Susan ELKINS, et al., Plaintiffs-Respondents-Appellants, v. Johnathan FERENCZ, D.D.S., Defendant-Appellant-Respondent.
Upon remittitur from the Court of Appeals, judgment, Supreme Court, New York County (Emily Goodman, J.), entered October 24, 1996, upon a jury verdict in favor of plaintiffs, which, as reduced by the trial court, awarded plaintiff Susan Elkins $465,052.36 and plaintiff Andrew Elkins $33,297.16, unanimously reversed, on the law, without costs, the judgment vacated and the matter remanded for a new trial.
This is a dental malpractice action against Mrs. Elkins' long-time dentist, based upon allegations that plaintiff suffered severe periodontal disease resulting in the loss of four teeth and other injuries due to defendant's failure to properly diagnose or treat her condition or timely refer her to a periodontist. When this matter was previously before us (253 A.D.2d 601, 677 N.Y.S.2d 342), we reversed the jury's verdict in favor of plaintiff's and dismissed the complaint on the ground that there was simply no valid line of reasoning and permissible inferences that could possibly have led to the conclusion that plaintiffs demonstrated any malpractice on defendant's part. The Court of Appeals disagreed and has reversed our order and remitted the matter to us for consideration of all other issues within our plenary intermediate appellate authority. In so ruling, the Court found that “[t]he evidence, when viewed in the light most favorable to the plaintiff, is legally sufficient to support the jury's verdict”. (93 N.Y.2d 938, 939, 693 N.Y.S.2d 502, 715 N.E.2d 504; NYLJ, June 8, 1999, at 26, col. 1).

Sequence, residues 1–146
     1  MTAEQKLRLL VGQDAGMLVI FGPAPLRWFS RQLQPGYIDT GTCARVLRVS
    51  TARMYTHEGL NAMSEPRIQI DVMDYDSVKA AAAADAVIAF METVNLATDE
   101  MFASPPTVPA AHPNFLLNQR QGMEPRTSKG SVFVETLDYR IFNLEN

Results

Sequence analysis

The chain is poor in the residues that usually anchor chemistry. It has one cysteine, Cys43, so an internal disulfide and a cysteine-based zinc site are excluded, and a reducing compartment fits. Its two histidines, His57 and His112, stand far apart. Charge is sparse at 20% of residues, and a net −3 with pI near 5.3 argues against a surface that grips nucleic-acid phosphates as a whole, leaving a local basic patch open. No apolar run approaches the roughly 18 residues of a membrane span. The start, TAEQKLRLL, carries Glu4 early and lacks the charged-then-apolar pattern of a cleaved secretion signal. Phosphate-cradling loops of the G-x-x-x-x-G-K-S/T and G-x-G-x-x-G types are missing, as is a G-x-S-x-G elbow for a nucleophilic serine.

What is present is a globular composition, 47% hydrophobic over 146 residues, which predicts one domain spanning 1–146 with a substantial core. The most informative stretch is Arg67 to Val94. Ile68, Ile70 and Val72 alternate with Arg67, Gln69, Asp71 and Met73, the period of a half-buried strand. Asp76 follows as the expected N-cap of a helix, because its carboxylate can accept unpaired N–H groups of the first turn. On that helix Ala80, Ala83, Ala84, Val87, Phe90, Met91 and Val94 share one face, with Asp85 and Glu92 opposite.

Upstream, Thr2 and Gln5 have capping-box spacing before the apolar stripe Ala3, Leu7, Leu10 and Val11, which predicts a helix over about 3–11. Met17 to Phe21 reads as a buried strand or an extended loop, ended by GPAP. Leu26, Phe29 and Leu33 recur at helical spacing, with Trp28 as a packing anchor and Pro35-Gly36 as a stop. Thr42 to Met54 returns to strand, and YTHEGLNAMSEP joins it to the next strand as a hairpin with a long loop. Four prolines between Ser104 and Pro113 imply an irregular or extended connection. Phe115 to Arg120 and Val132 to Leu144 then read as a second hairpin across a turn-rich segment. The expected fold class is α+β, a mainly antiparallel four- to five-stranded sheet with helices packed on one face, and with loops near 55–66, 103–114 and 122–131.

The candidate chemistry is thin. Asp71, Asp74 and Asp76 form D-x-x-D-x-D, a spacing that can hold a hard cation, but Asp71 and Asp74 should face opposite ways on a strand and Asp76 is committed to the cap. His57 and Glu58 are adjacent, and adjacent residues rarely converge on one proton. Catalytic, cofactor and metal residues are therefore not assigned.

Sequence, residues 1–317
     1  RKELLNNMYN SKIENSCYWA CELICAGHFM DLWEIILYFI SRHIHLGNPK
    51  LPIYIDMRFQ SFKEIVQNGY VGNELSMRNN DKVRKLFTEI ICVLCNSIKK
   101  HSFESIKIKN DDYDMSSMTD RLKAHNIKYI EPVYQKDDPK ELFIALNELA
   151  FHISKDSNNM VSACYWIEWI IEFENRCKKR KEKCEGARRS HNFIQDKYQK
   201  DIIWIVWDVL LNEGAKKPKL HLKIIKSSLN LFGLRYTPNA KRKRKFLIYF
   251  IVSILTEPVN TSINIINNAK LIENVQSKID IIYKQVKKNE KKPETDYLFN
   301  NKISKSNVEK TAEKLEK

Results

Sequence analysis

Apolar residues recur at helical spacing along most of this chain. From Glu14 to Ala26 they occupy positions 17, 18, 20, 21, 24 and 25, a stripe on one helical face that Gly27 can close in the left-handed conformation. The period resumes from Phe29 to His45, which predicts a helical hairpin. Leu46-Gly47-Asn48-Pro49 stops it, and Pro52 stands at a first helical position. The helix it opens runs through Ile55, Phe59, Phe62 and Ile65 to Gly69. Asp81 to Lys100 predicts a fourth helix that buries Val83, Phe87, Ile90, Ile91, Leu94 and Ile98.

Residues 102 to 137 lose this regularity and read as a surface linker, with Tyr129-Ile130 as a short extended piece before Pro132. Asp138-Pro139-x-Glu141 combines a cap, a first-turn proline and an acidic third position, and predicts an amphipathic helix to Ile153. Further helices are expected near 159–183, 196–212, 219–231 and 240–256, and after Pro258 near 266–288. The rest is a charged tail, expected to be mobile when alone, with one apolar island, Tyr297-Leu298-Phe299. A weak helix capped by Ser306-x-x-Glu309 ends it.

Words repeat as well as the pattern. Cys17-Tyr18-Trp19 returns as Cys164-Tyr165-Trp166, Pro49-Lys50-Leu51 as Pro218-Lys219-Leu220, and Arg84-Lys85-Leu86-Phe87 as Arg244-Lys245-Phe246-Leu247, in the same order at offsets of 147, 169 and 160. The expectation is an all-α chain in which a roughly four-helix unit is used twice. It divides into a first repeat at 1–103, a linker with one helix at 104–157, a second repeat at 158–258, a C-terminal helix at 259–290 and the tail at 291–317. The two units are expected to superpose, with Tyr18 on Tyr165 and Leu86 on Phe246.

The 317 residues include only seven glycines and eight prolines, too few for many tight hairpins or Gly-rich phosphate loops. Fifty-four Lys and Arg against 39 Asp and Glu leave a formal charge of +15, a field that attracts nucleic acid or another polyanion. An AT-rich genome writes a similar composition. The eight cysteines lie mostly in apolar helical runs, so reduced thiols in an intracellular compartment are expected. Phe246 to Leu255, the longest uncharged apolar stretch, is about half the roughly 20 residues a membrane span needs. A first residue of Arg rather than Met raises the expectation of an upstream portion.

Since we previously stated that, were we not dismissing the complaint, we would have ordered a new trial because of the trial court's failure to instruct the jury, as requested, as to the issue of comparative negligence, we now do so.
It was the crux of the defense that plaintiff bore a major responsibility for the development of her periodontal disease due to her heavy use of prescription drugs and tobacco, her failure to furnish a complete and accurate medical history and her undue delay of treatment after defendant's discovery of the periodontal condition. The principle of comparative negligence is applicable to medical or dental malpractice (see, Suria v. Shiffman, 67 N.Y.2d 87, 499 N.Y.S.2d 913, 490 N.E.2d 832; Bellas v. Kurpis, 182 A.D.2d 542, 582 N.Y.S.2d 708) and, under the facts of this case, it was reversible error not to charge comparative negligence.